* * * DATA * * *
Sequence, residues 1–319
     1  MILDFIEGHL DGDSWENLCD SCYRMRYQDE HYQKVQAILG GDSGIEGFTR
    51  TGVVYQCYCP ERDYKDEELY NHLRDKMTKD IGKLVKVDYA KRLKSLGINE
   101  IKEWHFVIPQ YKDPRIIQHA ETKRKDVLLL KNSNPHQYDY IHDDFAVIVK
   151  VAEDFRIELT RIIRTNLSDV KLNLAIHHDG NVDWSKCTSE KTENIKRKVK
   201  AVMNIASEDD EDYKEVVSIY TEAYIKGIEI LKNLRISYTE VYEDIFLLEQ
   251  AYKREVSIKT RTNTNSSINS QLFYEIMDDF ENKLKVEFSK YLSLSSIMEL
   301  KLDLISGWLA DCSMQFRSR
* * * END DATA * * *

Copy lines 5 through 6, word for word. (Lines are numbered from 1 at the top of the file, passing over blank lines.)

   151  VAEDFRIELT RIIRTNLSDV KLNLAIHHDG NVDWSKCTSE KTENIKRKVK
   201  AVMNIASEDD EDYKEVVSIY TEAYIKGIEI LKNLRISYTE VYEDIFLLEQ